A group of Minnesota teens were honored in San Francisco over the weekend by the National Center For Lesbian Rights. The students asked the organization for help to file a lawsuit against the Anoka-Hennepin school district. In March, the students reached agreement with the district to establish a comprehensive plan to combat harassment of students in the district perceived to be gay, lesbian or transgender. The only other award-winner at the event? Glee actress Jane Lynch.
The Anoka-Hennepin school district's new anti-bullying plan grew out of lawsuits that claimed schools were not doing enough on that front. Now the Justice Department says schools around the country should emulate the district.
The district agreed to pay $270,000, which will be divided among the six current and former students who brought the lawsuits, hire new staff and adopt a system to watch for and report bullying. Supporters who attended the board meeting Monday night called the decision "historic." But former Republican State Rep. Kathy Tingelstad, the lone "no" vote, stepped down from the board in protest. The Pioneer Press has details ...
The settlement applies to two lawsuits that claimed the school district failed to protect students from bullying that was based on sexual orientation. The students will receive $270,000 total. The one board member who voted against the settlement resigned after it was approved, saying it sets a bad precedent.
The district has reportedly reached a settlement deal with federal officials and will meet Monday night to vote on the agreement.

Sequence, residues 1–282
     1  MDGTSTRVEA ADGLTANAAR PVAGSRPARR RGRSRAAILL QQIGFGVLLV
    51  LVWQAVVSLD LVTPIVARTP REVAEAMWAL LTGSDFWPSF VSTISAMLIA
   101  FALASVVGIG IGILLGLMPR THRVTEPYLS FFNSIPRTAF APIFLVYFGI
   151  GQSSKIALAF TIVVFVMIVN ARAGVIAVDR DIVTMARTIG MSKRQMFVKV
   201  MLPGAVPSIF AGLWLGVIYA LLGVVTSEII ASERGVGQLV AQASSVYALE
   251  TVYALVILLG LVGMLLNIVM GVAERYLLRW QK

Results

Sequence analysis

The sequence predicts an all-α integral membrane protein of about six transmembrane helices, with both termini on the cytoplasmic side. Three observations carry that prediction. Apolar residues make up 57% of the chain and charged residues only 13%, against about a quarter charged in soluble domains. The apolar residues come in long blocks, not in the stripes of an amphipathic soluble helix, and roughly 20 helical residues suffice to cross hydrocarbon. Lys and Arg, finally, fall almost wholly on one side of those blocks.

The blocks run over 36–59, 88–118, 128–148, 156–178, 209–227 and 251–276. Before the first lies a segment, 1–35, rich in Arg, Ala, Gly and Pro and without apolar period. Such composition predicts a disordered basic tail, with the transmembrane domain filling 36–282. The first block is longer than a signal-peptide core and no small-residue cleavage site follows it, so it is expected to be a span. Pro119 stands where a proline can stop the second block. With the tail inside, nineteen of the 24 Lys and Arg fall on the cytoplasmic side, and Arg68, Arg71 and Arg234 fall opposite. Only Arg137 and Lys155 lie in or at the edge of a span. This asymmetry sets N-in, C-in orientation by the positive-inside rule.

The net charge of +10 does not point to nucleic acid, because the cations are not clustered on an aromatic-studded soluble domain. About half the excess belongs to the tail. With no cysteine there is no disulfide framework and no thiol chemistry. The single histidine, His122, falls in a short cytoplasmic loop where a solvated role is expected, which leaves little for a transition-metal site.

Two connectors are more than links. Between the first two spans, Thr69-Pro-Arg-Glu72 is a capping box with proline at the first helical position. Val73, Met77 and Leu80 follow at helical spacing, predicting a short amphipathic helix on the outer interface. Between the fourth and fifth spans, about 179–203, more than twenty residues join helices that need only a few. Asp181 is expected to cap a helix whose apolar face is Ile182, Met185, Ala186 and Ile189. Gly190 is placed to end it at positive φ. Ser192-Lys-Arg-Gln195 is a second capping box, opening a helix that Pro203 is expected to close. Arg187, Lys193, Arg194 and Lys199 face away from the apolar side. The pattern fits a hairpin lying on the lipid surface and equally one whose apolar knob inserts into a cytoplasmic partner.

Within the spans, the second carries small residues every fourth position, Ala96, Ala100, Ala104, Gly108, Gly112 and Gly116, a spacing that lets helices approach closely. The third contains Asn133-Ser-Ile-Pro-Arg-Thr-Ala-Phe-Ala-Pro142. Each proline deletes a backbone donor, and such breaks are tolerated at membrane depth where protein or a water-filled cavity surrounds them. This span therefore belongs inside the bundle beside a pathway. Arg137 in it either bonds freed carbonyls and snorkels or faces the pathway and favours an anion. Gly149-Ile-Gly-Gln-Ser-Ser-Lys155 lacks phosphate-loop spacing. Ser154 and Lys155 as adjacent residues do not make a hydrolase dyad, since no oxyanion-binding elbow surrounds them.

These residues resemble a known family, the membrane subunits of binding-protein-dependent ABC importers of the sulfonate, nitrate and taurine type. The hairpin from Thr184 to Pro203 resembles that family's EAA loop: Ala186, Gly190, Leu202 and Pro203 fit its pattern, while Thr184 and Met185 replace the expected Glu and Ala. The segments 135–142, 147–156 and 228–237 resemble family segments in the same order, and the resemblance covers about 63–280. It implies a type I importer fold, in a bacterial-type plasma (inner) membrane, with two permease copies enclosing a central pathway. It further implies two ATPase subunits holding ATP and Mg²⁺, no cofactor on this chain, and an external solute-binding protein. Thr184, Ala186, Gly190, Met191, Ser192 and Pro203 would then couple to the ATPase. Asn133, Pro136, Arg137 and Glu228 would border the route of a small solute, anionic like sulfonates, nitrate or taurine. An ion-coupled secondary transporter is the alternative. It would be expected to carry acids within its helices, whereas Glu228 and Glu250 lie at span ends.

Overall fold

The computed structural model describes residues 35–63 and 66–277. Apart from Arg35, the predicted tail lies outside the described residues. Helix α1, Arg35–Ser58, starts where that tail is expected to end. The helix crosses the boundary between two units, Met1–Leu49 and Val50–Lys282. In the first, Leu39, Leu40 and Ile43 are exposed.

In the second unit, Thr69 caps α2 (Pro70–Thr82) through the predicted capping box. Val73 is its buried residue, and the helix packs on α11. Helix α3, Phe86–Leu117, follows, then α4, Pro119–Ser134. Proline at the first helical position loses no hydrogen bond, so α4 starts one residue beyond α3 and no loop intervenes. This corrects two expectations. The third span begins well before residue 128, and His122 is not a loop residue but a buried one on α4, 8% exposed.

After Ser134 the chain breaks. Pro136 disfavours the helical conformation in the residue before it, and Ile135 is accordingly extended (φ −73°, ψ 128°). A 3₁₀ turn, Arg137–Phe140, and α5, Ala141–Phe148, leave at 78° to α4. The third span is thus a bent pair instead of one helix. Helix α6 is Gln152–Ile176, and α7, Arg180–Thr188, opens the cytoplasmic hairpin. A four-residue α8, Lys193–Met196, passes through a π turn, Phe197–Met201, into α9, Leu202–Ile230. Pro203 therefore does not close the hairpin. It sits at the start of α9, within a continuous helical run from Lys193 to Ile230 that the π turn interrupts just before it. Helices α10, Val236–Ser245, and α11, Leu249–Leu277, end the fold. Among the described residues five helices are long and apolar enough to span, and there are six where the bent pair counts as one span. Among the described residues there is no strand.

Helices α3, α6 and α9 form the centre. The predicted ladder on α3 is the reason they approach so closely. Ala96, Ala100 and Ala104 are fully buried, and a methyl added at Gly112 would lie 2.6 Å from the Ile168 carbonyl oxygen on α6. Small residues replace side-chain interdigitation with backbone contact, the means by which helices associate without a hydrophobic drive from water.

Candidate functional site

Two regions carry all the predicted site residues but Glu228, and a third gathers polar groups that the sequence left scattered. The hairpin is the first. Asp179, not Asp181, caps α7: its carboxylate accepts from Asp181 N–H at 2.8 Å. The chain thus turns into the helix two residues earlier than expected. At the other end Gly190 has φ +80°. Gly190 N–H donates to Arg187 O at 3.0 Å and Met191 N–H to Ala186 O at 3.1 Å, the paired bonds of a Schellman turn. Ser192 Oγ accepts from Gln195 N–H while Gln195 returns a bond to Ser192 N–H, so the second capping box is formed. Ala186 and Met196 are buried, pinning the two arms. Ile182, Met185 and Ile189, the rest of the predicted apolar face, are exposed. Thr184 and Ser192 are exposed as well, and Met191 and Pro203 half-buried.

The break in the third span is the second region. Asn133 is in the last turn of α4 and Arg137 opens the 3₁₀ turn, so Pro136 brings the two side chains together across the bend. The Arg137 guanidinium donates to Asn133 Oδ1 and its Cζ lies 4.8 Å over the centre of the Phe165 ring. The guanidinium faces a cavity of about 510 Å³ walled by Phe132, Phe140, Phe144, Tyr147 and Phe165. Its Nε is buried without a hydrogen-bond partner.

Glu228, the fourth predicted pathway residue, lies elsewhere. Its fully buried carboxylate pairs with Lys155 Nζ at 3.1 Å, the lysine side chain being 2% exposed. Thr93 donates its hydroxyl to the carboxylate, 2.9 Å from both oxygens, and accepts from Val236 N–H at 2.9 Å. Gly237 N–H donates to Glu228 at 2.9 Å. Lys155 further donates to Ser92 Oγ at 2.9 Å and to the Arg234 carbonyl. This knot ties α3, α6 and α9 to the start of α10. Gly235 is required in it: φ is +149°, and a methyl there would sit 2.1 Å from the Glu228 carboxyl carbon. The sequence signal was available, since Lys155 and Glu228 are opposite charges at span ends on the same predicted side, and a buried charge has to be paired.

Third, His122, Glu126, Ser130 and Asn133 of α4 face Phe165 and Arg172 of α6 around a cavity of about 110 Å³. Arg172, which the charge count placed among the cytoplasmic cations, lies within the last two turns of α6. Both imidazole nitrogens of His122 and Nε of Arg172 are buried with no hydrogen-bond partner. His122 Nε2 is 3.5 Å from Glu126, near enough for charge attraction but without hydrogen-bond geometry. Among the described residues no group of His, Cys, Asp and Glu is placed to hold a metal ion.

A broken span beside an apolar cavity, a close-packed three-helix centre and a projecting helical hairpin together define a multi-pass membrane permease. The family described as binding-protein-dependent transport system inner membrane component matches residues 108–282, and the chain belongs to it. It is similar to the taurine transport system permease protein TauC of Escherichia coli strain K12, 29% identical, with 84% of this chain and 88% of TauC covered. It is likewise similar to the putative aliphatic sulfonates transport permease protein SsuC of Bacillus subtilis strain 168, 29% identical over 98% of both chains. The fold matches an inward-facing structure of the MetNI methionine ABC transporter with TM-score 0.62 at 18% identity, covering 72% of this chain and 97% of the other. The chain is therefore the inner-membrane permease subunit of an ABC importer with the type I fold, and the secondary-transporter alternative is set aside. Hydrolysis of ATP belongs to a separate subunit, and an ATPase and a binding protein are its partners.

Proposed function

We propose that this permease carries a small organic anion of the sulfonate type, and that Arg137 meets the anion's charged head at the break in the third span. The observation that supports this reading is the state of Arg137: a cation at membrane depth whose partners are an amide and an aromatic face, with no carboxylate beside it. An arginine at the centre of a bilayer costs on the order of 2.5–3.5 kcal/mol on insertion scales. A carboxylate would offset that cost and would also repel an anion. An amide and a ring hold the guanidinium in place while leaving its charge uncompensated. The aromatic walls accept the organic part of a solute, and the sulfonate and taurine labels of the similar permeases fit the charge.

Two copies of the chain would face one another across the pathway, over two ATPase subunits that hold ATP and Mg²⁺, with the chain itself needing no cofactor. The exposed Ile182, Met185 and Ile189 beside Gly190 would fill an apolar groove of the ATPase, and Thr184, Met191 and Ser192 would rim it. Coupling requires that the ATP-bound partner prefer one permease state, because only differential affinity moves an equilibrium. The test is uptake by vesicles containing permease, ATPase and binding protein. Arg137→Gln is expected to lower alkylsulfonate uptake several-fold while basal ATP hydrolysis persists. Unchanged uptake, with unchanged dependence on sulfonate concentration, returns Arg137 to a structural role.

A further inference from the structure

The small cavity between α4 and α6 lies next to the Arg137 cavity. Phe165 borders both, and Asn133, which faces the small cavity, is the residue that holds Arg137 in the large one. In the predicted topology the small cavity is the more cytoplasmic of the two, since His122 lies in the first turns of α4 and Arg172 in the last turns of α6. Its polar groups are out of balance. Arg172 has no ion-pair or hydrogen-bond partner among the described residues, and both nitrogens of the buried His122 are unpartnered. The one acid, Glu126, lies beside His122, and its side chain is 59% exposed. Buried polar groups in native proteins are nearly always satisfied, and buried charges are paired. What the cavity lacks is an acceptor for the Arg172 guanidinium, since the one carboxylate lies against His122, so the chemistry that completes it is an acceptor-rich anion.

Attorneys for the school district as well as six current and former students will meet Thursday. The lawsuit claims Anoka-Hennepin didn't adequately address complaints of severe bullying.
The superintendent says the latest statement is both an acknowledgement that bullying could have been a factor in the rash of student suicides and an apology for an earlier message, which indicated there was no evidence that harassment contributed to the tragedies.
The school board voted Monday night to replace a controversial policy with a new one that they say will foster a safer and more tolerant environment for students. Critics say the district's old "neutrality" policy, which restricted teachers from addressing issues such as sexuality, left students at the mercy of bullies.
The Associated Press reports Education Minnesota overwhelmingly supports the district's new policy, which would replace the district's controversial "neutrality" rule. And the school district responds to an article in Rolling Stone magazine about the rash of suicides among gay students in the schools.
An article in Rolling Stone magazine suggests the Anoka-Hennepin school district contributed to the suicides of gay teenagers by fostering an anti-gay climate. Now the district is hitting back by criticizing the article and defending its work toward ending bullying and harassment.
District leaders are meeting Monday night to discuss a new policy on how staff members should treat a sensitive issue. The district's current policy requires that all staffers remain neutral on subjects of sexual orientation. Critics say that rule leaves students open to bullies and sexual harassment. But a second proposal didn't fare much better after it drew fire from both sides in the debate.
The district had plans to replace its current policy, which requires that staff stay neutral on topics of sexual orientation, with another set of rules that would ban teachers from advocating their personal beliefs on the subject. But after hearing a outpouring of opposition to the new proposal, the district is headed back to the drawing board again.
Teachers in the Anoka-Hennepin School District aren't happy about the old policy or a new one that could replace it. Union reps voted Monday against any policy that would dictate or limit classroom conversations on gay and lesbian issues. Some people who support the policy fear teachers otherwise would push a "gay lifestyle" on students. Critics say the policy leaves students at the mercy of harassment and bullies.